Dorks, on the other hand, tend not to be smart enough to really be geeks or nerds. I’m not saying dorks are necessarily stupid, they might be decently smart in their own right, but they don’t have the laser focus of the nerd or the broader interests of the geek. More importantly, though, is the dork’s complete and total lack of social skills and the complete and total lack of self-awarness of that lack of social skill. Most dorks don’t know they’re dorks. Dorks are more than happy to try to talk to Krissi Hardbottom, Head Cheerleader, and don’t seem able to pick up the clues Krissi gives them indicating how little that conversation is appreciated (and by “clues,” I mean “mace”).

I’m going to break this down using one of the best TV shows of the late Nineties, the appropriately named “Freaks and Geeks.” (If you haven’t seen this show, go watch the DVD set. It’s second only to “Firefly” in my List of Goddamn Good TV Shows Which Were Fucked Over By Their Network and Cancelled Unfairly.) The show was based around two different groups of kids in a suburban Detroit high school: the “freaks” were the burnout friends of Lindsay Weir (the delectable Linda Cardellini) while the “geeks” were her brother Sam (John Francis Daley) and his two friends Neil and Bill.

Sam was a geek. He aspired to more than the ostracism and humiliation he regularly suffered as a freshman, and you could see that there was a cool person inside of Sam waiting to get out when he got older. (Hell, he even got to date a cheerleader for a little while, though that didn’t stick.) But that coolness was still a ways off when he was 13–Sam was all about science fiction and Dungeons and Dragons, just like his friends.

Neil was a nerd. His future as a dentist (a good nerd occupation) was pretty much lined up for him already. And Neil wasn’t the least big cool. He liked to pretend that he knew what girls liked and talked constantly about them, but inside he knew that it wasn’t going to happen for him. Neil likely would grow up to experience his thrills vicariously through Sam until he got to college.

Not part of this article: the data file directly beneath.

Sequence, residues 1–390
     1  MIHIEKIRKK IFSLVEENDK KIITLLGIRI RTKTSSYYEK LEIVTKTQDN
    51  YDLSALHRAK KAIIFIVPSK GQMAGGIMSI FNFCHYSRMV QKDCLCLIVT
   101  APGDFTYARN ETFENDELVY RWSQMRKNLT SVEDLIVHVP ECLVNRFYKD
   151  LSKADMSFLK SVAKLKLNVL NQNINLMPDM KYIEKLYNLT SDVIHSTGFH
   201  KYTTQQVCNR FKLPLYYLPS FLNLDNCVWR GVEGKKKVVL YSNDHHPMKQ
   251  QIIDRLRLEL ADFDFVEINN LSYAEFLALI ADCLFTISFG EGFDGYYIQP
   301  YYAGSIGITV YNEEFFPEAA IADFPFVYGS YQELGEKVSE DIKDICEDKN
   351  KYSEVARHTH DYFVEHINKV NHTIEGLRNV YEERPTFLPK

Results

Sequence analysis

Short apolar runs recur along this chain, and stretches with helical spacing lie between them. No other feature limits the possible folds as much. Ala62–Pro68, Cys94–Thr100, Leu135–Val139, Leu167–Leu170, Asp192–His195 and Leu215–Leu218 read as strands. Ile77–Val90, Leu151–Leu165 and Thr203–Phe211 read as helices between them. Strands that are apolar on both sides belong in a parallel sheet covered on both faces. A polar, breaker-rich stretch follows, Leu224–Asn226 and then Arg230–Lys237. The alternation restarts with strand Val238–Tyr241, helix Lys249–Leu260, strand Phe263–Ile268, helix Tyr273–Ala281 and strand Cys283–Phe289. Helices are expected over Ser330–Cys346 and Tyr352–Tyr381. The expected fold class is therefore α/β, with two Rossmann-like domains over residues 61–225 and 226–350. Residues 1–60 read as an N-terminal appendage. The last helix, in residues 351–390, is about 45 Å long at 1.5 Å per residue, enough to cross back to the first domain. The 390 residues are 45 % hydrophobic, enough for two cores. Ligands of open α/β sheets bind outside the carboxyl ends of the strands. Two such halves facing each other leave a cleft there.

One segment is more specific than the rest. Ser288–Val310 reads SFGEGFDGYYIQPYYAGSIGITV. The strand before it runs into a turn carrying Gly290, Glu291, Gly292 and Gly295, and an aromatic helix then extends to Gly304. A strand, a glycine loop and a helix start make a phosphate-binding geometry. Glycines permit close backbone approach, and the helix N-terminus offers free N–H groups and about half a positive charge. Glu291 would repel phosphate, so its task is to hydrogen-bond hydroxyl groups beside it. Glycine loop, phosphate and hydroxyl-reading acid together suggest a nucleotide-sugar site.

But poor Bill was just a dork. He shared the same interests as Sam and Neil but he just wasn’t that bright and didn’t have the grasp on those interests that his friends did. And his interpersonal skills were so poor that even his friends could barely stand to be around him sometimes. I honestly have no idea what might have happened to Bill by the time he became an adult…he certainly didn’t seem to have any useful future in him.

So, with all due respect to MaryAnn, that’s my take on it. I was definitely a dork in middle school, eventually realized how pathetic I was and transitioned to nerddom in high school. And now I’m a geek. And you know at what point I officially graduated from nerd to geek? That’s right…when I started having sex.

Written by Allen

June 3rd, 2005 at 11:26 pm

Posted in Pop Culture,TV

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Dissecting geeks (but not in that way, that’s gross)

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The most excellent MaryAnn Johanson of Flick Filosopher fame (you really, really need to be reading her movie reviews–right after you read Moviegeekz, of course) has started a new blog devoted to discussing, dissecting and celebrating geek culture and philosophy. What’s it called? Suprisingly, Geek Philosophy.

I’m exactly one of the geeks that MaryAnn discusses in her inaugaral post, and I experienced almost exactly what she describes: shame and humiliation as a teenage geek, proud self-identification as an adult. Being a geek when I was young (especially the early fascination with computers) is a large reason why I have the great, well-paying job I do now. So I plan to read her new site avidly, and so should you–because chances are, if you’re reading this you’re quite possible a geek. (C’mon, who else really reads blogs other than geeks?)

Speaking of geeks, blogs and identity, all of this ties in very directly to a discussion raging on my boy -b’s blog. Is it fair to make assumptions about a person the first time you meet them based solely on the data you collect before they ever open their mouth? (More on this topic later, maybe.)

Written by Allen

June 2nd, 2005 at 1:13 pm

Posted in Pop Culture